Help-Seeking Patterns and Perceived Barriers to Care among Latino Immigrant Men with Unhealthy Alcohol Use
Carey, Cathea Marcena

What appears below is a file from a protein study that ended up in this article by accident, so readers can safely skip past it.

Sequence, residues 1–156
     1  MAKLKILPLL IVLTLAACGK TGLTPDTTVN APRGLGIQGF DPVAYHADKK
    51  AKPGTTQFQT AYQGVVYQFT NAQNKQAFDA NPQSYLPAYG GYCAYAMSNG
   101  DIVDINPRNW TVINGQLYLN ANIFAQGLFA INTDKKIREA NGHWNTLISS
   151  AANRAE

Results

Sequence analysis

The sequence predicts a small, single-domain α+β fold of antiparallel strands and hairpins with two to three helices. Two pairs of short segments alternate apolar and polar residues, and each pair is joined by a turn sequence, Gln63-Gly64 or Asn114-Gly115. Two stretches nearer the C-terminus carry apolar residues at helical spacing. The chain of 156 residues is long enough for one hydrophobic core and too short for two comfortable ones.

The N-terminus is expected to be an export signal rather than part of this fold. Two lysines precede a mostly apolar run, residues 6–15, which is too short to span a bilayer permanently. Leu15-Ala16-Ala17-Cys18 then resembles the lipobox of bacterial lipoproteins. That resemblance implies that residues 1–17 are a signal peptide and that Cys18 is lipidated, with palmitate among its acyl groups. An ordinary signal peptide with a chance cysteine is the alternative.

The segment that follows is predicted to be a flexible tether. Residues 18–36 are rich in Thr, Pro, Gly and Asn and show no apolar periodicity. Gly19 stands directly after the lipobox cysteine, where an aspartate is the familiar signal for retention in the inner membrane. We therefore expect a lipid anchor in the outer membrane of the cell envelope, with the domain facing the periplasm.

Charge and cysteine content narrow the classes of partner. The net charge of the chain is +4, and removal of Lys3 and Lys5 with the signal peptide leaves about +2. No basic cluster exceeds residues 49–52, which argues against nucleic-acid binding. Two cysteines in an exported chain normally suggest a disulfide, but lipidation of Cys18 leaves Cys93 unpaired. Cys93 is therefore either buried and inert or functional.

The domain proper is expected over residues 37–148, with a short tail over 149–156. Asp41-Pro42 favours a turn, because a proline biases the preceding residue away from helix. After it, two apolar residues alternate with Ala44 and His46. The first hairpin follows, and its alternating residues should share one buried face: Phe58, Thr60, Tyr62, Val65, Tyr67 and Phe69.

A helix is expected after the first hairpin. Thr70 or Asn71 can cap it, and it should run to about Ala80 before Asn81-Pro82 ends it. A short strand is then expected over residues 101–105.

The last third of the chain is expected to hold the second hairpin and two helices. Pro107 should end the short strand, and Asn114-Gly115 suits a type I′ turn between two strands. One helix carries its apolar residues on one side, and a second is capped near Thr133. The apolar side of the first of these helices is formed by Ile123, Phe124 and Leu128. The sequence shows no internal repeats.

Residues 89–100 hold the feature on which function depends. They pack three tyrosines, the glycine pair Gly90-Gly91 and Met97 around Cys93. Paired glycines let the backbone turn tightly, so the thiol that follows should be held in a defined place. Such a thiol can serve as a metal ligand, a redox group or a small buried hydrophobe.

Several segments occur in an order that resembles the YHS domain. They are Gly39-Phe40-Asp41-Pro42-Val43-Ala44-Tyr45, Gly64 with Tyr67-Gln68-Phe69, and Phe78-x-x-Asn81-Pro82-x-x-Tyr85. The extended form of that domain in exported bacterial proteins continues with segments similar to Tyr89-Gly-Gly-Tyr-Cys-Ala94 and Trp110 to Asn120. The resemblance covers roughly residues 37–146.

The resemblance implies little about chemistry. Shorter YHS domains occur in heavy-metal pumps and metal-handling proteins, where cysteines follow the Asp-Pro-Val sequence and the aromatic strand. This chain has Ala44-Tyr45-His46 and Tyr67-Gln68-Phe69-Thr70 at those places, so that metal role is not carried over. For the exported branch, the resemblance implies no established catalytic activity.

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Background: Latino immigrant men have high rates of unhealthy alcohol use, yet we know little about their help-seeking patterns and barriers to care. Methods: We described the help-seeking patterns and perceived barriers to care of a sample of Latino immigrant men (N=121) recruited to a pilot randomized trial of a brief alcohol intervention (the Vida PURA study). All men were Latino, immigrant, spoke Spanish, and had an Alcohol Use Disorder Identification Test (AUDIT) score equal/greater than 6. Interviewer-administered survey data were used to describe help-seeking and barriers to care across alcohol use severity. Results: AUDIT scores ranged from 6 –40 (M = 20, SD = 10); 49% (n=60) of men screened positive for severe unhealthy alcohol use (AUDIT score equal 20, and 30% (n=36) reported having sought help for drinking. 61% of men who had sought help for drinking (n-36) reported attending Alcoholics Anonymous (AA). All men reported perceived barriers to care, especially stigma and health care system related. Conclusion: Findings suggest further investigation of interventions based on severity level to address stigma and health care system barriers.
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